Slacker Radio

By | March 7, 2015

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I love music. Because of this simple but true fact and much to the chagrin of those around me, I need music with me at all times. I’m not talking about walking around with a transistor radio rocking out AM, I’m talking about having a solid, uninterrupted stream of good music beamed to my ears. For me, Slacker radio is the only option that gives me what I want.

My relationship with Slacker isn’t a honeymoon-phase affair. This is a long-term, comfortable- enough-to-fart-in-front-of-you relationship. The process of learning about Slacker is foggy at best. I can’t remember the first time I typed in the URL, but I remember the moment that I figuratively locked eyes with my love.

Winter 2008. Oh, what a world it was. I was on the cusp of change as my pregnant wife considered how a child would change our lives, and I was left scrambling following the merger of Sirius and XM. I suppose that no story about my new love can exclude my previous love. I loved Sirius. I always felt that Sirius was the cooler, edgier option in the satellite radio market. The first song I ever heard on Sirius was Arcade Fire’s Neighborhood #3 (Power’s Out). My first experience with an amazing band and satellite radio made for a perfect pairing.

I had Sirius for years across a number of devices with several drawbacks: dropped reception in the car, no reception at work, limited time shifting options, and oversized and clunky hardware. The music was eye-opening and ear-popping, though. I headed to Left of Center and Alt Nation to get my music. I needed nothing else.

Then Sirius met XM. She walked out of my life and took Left of Center with her. My favorite station replaced by the XM-leaning Sirius XMU. I was deceived and led astray. The union of XM and Sirius left no room for me. My subscription and I looked elsewhere. But, where to look?

FM? Ha! Commercials?!? What kind of fool do you take me for? Not to mention the completely insane playlists. Yes. I agree. Stone Temple Pilots are a good band, but after 10-15 years, it’s time to take Interstate Love Song off repeat. Pandora? Pretty boringly, repetitious. I need new music flying into my ears at all times.

Slacker? Okay, I’m listening. I remember hearing Nada Surf’s Always Love early in my experimentation. What struck me was that I loved Nada Surf the summer before ninth grade. It was the summer of my musical revolution and Popular was on heavy rotation on my parent’s 13 inch bedroom TV while they were at work. I just assumed that the members all spontaneously combusted following that song’s success. Turns out that instead of being a pile of carbon, they were churning out extraordinary albums. Slacker clued me in to Lucky, which let me work backwards to The Weight is a Gift and then Let Go. All three wonderful and all anonymous to me without Slacker.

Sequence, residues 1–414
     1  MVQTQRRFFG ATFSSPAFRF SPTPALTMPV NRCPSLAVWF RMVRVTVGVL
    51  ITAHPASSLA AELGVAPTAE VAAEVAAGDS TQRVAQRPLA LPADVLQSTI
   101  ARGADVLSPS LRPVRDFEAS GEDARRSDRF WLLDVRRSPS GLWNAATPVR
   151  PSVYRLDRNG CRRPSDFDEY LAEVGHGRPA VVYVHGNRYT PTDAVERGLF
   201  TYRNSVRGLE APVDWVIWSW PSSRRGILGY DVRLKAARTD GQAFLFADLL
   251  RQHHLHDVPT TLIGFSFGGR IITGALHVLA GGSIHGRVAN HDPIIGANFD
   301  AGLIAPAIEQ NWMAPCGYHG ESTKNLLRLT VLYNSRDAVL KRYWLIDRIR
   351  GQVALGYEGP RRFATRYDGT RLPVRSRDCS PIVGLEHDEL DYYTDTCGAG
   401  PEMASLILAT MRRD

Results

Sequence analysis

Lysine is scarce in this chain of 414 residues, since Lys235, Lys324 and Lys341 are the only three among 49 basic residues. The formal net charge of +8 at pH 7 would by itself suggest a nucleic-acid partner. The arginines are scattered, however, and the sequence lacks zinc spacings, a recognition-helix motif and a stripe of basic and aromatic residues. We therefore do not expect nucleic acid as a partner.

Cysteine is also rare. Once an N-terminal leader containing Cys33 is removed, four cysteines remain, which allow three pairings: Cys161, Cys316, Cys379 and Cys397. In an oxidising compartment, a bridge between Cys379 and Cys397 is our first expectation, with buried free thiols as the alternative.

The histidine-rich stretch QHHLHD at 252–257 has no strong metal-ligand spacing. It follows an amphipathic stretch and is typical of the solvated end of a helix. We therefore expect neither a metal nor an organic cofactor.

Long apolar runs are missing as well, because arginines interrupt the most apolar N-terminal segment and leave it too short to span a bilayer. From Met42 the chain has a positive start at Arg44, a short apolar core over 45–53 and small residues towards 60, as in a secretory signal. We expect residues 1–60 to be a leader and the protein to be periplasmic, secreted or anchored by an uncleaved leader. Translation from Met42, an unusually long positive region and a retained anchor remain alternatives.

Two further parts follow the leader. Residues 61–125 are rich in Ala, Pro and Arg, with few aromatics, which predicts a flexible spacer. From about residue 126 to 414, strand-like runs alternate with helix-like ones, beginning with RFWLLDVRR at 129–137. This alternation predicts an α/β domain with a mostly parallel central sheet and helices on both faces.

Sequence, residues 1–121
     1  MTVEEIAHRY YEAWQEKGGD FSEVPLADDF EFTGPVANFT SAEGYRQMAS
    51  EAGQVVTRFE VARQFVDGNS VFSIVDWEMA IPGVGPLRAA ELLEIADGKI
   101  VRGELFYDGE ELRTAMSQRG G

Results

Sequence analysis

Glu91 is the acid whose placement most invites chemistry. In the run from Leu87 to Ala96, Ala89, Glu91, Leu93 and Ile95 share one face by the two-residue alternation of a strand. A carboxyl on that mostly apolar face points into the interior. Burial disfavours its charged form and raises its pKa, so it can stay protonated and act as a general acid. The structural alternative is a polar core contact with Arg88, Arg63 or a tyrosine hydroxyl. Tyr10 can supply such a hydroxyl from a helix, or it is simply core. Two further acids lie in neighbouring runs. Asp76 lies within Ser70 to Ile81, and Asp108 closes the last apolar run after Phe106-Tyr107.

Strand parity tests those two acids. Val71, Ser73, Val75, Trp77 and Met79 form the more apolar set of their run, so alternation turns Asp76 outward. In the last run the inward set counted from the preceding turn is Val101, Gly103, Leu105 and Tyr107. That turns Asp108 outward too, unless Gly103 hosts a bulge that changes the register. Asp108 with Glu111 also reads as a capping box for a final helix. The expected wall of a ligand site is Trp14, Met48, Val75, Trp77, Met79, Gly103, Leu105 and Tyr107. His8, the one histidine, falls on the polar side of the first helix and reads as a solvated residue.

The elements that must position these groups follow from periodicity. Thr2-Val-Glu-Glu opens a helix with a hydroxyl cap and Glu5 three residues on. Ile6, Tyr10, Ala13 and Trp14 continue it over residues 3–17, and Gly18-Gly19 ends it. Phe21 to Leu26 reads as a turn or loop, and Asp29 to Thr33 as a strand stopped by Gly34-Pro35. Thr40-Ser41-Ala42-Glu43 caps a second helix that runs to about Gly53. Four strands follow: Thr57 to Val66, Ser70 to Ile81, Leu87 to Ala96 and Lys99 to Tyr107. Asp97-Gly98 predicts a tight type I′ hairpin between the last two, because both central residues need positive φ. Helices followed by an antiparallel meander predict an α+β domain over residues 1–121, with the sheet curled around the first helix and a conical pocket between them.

Getting Slacker’s own portable music player that Christmas gave me the freedom to take 20 stations with me, and though the set up was quite ugly, my commutes, days at the office and walks outside were supplied with the required jams.

As my tech-sessions grew, I moved to the ipod touch to the Iphone. Slacker came for the ride with the deal-breaking feature – station caching. Not only does Slacker allow you to save songs for playback but entire stations programmed by DJs. As far as I can tell, this is a feature exclusive to Slacker as it is not a playlist or album. For the $3.99 per month this element of the app costs me, I lose the ads and gain hours of playback per station. It’s the best money I spend all year. The amounts are determined by your listening and space available on your device.

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My Slacker plays in the car through Bluetooth with my phone in my pocket and at work with my phone docked on my desk as tunes beam to a Bluetooth speaker across the room. My workday would be impossible without it. As people come in and out, I can tailor the music to their tastes in a seamless way without their knowledge of what’s happening behind the scenes. Along with my Pebble smart watch, I can skip songs and change volume discreetly.

The stations continue to develop with the app and I feel like Slacker has stayed true to the original purpose, as I understood it all those years ago. Slacker allows me to be a music slacker. I don’t have to constantly seek out the music I want like some kind of musical Indiana Jones. No boulders rolling at me. No weighing bags of sand to swap with golden idols. No snakes. I hate snakes. Just sitting on my butt like a museum or the hapless tribe waiting for my prize to arrive. Like Indy, Slacker always delivers.  If you consume music, you need Slacker

Consume.Review.Repeat. EP – 9.2 Napsters out of 10

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